Gold of pleasure oil – The oil of the Celts is a delicacy
Gold of pleasure oil: If you like the taste of young tender peas, you should definitely try this rediscovered cooking oil. It will enhance any salad, not to mention the health aspects.
It should not be confused with linseed oil, which is obtained from the flax plant. In contrast to this multiple-use crop (oil seeds and fibres which are processed into linen), the camelina plant can only be used for oil production. This was also the reason why it almost completely disappeared from the agricultural area – valuable arable land was to be cultivated for breeds with multiple uses. As is so often the case, a valuable raw material for food was lost.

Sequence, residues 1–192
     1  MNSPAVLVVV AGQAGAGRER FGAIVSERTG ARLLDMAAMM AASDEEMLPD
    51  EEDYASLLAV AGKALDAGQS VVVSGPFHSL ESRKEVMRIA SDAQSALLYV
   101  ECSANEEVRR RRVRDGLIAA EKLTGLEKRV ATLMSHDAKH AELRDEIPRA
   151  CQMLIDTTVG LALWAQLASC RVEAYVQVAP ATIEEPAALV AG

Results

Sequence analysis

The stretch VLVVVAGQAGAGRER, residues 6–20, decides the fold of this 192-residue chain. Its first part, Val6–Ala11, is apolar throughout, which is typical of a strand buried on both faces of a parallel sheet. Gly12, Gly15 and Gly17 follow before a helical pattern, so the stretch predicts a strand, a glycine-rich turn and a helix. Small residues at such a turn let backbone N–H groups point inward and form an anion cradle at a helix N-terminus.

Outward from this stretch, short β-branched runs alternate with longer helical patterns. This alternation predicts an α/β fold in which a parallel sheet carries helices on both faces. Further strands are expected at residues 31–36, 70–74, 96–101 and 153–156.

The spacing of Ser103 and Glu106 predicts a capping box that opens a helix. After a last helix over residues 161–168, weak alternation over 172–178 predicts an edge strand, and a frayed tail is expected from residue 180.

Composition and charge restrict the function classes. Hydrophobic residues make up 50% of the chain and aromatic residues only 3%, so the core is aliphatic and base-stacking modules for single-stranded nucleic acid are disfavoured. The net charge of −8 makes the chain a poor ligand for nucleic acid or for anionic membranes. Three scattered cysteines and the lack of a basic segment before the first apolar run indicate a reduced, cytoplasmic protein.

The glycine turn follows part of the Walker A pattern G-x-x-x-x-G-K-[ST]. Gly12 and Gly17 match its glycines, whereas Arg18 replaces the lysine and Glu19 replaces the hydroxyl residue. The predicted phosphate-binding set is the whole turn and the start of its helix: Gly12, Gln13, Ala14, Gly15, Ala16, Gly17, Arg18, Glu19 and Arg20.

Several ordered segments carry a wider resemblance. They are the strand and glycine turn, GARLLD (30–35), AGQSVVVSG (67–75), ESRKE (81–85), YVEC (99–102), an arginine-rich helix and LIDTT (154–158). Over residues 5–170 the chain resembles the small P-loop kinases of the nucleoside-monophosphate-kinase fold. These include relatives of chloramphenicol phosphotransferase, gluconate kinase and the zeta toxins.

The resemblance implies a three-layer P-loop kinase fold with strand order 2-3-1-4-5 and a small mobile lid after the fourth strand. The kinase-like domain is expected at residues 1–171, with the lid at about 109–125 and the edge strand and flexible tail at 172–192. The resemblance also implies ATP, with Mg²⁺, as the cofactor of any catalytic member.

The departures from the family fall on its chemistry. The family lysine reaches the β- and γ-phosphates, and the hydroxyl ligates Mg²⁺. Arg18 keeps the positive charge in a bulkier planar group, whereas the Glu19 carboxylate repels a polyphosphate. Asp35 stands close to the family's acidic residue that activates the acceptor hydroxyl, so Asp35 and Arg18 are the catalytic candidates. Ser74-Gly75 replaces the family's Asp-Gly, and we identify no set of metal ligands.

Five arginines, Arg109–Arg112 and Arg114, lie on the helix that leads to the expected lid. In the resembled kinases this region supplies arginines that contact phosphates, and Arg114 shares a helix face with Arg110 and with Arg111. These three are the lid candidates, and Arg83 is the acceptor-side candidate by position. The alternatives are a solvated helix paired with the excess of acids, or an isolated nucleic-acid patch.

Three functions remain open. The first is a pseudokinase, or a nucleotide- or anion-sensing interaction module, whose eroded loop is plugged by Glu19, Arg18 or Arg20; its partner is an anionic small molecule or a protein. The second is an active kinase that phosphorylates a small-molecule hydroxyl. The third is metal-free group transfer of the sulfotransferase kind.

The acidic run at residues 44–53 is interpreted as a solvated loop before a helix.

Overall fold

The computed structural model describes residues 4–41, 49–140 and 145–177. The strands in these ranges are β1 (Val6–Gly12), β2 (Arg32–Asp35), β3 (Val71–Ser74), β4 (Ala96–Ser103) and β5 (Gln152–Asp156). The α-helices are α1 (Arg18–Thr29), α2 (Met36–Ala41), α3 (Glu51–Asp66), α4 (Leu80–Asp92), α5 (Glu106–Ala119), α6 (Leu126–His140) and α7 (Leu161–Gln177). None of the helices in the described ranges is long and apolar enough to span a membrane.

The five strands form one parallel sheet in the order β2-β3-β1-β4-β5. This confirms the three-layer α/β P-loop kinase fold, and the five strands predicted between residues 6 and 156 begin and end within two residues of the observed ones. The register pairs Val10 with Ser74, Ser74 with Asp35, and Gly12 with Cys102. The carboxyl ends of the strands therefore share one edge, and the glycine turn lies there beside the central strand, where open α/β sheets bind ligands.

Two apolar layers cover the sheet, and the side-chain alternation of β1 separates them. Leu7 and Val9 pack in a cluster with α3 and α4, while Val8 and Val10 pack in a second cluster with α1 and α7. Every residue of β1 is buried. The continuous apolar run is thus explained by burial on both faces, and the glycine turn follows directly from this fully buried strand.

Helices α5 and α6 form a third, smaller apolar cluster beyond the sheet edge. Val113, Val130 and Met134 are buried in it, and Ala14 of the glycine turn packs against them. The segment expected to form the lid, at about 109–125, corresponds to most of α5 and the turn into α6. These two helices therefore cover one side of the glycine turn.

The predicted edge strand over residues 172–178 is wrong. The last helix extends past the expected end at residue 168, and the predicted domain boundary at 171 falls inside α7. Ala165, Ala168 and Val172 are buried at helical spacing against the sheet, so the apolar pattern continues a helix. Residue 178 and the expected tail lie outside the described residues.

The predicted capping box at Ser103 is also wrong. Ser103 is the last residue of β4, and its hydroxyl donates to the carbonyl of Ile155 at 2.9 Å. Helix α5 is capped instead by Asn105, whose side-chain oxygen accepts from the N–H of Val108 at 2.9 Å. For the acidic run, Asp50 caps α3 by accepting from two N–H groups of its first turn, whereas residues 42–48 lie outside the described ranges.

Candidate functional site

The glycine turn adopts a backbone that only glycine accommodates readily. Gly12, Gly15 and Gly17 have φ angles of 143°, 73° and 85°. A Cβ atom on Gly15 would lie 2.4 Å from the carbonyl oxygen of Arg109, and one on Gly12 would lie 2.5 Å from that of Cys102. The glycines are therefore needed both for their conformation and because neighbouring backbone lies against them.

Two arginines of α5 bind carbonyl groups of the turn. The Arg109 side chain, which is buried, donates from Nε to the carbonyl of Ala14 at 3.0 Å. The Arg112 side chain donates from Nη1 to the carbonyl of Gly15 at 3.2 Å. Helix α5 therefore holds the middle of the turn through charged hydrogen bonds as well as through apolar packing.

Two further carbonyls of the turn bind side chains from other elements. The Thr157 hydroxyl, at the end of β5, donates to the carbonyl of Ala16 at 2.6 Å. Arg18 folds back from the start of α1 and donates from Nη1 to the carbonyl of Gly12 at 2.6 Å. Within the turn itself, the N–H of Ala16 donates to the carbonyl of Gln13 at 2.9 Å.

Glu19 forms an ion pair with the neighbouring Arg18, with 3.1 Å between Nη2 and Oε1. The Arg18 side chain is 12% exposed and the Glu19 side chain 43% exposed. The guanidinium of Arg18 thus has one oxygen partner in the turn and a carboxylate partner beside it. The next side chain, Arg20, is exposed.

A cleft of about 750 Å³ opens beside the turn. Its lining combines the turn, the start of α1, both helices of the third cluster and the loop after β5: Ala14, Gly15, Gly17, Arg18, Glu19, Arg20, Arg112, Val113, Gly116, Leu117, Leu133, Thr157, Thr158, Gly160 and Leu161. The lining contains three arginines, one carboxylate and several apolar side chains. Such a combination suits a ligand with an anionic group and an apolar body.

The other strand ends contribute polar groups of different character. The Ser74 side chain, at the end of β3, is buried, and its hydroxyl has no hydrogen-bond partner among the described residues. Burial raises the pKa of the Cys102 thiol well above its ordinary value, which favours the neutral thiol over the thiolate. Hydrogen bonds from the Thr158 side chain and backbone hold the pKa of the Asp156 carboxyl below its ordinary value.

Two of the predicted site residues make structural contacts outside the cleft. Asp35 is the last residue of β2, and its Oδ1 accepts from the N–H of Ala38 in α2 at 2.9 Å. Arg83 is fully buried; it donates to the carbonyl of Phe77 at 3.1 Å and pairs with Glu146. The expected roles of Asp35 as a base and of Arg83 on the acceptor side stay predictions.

Gold of pleasure oil rich in omega3 fatty acids
Camelina is a very old cultivated plant, which was already native to Central Europe over 4000 years ago. This is proven by findings from the time of the Celts, where it was the most commonly used cooking oil due to its taste and ingredients. Long before other crops (e.g. sunflowers, potatoes, rapeseed) played a role in our diet, our ancestors knew how to appreciate oil.
The composition of fatty acids is extremely surprising: gold of pleasure oil combines many positive properties of other edible oils. The high content of alpha-linolenic acid with up to 48%, the second highest value in a vegetable oil at all, is to be emphasized! Research has shown that high levels of omega-3 fatty acids inhibit the growth of cancer cells.
The Bliesgau is one of the few regions in Germany where large areas of gold-of-pleasure are cultivated. The documented use of gold-of-pleasure here dates back to the 18th century.
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